Jon Krakauer in Missoula
by William Skink
I did my best to be in attendance tonight at Krakauer’s panel at the Double Tree, but I stopped for a sandwich and was maybe a dozen people away from getting in fifteen minutes after the doors opened. Instead I went back home and tried listening to the crappy feed from MTPR (not all their fault).
Jon Krakauer did an amazing job articulating how he came to focus on victims of rape in Missoula and their experience with the criminal justice system. And the crowd, maybe to Krakauer’s surprise, was loudly supportive, overloading the audio feed several times with what seemed like vigorous applause. There were tough questions, detailed answers, and even a few naughty words from Krakauer.
Here is one of the big takeaways: this story is far from over. A line of attack against Krakauer is his book reopened old wounds. What Krakauer expounded on tonight regarding his legal battle with the University of Montana means more bad press will be coming. Why? Because the University of Montana doesn’t want to explicitly disclose how Jordan Johnson, who was found to have raped his accuser through the University system’s lower standard of proof multiple times, was ultimately reinstated.
Griz Nation still wields serious influence, just ask Pat Williams. Or maybe ask Christian Clayton.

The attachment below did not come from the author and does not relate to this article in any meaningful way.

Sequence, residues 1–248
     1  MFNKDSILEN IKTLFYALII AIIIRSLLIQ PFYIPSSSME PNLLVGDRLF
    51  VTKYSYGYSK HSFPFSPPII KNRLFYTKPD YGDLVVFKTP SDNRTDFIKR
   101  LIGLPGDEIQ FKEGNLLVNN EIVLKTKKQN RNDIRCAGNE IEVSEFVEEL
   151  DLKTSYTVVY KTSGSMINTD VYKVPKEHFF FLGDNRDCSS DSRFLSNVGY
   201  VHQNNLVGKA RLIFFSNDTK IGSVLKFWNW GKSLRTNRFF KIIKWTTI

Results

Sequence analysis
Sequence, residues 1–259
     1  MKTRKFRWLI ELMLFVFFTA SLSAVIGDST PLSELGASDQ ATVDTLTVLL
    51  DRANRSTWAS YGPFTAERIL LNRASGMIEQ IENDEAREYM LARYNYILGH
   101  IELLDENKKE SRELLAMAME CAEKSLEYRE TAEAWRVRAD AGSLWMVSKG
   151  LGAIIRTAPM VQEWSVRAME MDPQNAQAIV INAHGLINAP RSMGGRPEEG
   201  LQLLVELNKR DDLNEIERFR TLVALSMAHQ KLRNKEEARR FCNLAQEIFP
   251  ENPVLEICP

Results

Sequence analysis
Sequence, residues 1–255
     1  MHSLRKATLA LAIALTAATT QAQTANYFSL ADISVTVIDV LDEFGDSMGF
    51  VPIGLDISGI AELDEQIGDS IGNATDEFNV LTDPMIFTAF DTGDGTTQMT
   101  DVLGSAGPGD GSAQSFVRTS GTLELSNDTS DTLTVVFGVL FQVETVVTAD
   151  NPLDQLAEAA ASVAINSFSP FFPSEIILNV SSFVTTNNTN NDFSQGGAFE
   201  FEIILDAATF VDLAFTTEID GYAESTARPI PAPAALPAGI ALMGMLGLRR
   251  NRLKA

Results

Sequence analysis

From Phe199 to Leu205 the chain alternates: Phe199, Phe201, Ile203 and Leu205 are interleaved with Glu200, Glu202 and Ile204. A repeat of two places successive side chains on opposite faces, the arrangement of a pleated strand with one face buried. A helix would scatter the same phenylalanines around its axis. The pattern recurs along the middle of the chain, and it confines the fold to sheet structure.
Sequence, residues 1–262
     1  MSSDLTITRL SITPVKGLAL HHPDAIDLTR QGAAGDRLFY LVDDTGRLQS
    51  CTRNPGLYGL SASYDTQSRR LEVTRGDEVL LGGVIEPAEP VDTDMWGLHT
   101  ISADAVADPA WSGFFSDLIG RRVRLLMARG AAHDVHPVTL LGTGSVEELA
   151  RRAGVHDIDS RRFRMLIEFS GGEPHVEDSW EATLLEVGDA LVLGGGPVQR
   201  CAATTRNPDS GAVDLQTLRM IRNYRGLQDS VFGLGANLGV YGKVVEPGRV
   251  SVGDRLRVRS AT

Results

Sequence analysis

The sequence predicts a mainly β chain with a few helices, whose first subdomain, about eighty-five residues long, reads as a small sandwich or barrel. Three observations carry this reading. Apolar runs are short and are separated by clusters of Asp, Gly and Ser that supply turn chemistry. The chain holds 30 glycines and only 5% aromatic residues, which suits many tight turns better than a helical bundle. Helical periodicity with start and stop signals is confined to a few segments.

From the tone of the audience, and how they collectively reacted to some asshole lawyer who went off on Krakauer and called him, I believe, a fucking liar, it was hip, liberal Missoula out in force. From my anecdotal interactions walking back and telling people their attempt to see Krakauer was futile, most everyone I talked to had already read the book and was supportive of it being written and titled with our town’s name.
Here is the footage of the Idaho lawyer and Krakauer taking away his microphone:
Jon Krakauer came to Missoula to answer questions. I think he did a pretty damn good job. He defended writing the book the way he did, and he gave tons of credit to the reporting of Gwen Florio. Krakauer also credits the reforms made in Missoula, citing correspondences he’s received from people going through the system now.
That work to implement change is ongoing. Clearly, there is room for improvement within the University System and the County Attorney’s office.
I mentioned hip, liberal Missoula in strong attendance tonight. That’s all well and good, but I would even challenge that part of Missoula to acknowledge the sentiment of Our Missoula is deeply flawed. There are lots of different social striations in Missoula, and any claim to OUR is a bit presumptuous.
Instead of making posters, let’s make a real change.